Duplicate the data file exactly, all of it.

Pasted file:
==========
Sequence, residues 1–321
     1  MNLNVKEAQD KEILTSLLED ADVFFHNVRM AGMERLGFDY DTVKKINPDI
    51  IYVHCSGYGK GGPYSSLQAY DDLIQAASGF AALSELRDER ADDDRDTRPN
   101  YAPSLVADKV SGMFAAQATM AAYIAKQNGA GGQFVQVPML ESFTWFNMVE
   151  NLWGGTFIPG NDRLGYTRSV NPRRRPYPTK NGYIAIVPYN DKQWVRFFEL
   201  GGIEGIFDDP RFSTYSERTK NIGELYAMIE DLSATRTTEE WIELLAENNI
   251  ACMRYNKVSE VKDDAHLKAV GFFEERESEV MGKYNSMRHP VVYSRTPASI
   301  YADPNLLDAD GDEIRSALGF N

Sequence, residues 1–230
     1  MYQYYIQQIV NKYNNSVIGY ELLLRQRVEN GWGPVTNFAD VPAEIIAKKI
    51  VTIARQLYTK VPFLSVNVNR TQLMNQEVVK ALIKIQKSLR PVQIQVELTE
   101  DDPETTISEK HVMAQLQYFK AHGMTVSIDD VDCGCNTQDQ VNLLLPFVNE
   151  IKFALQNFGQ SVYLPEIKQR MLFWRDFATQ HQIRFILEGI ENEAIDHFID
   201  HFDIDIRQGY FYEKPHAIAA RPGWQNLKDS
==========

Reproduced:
Sequence, residues 1–321
     1  MNLNVKEAQD KEILTSLLED ADVFFHNVRM AGMERLGFDY DTVKKINPDI
    51  IYVHCSGYGK GGPYSSLQAY DDLIQAASGF AALSELRDER ADDDRDTRPN
   101  YAPSLVADKV SGMFAAQATM AAYIAKQNGA GGQFVQVPML ESFTWFNMVE
   151  NLWGGTFIPG NDRLGYTRSV NPRRRPYPTK NGYIAIVPYN DKQWVRFFEL
   201  GGIEGIFDDP RFSTYSERTK NIGELYAMIE DLSATRTTEE WIELLAENNI
   251  ACMRYNKVSE VKDDAHLKAV GFFEERESEV MGKYNSMRHP VVYSRTPASI
   301  YADPNLLDAD GDEIRSALGF N

Sequence, residues 1–230
     1  MYQYYIQQIV NKYNNSVIGY ELLLRQRVEN GWGPVTNFAD VPAEIIAKKI
    51  VTIARQLYTK VPFLSVNVNR TQLMNQEVVK ALIKIQKSLR PVQIQVELTE
   101  DDPETTISEK HVMAQLQYFK AHGMTVSIDD VDCGCNTQDQ VNLLLPFVNE
   151  IKFALQNFGQ SVYLPEIKQR MLFWRDFATQ HQIRFILEGI ENEAIDHFID
   201  HFDIDIRQGY FYEKPHAIAA RPGWQNLKDS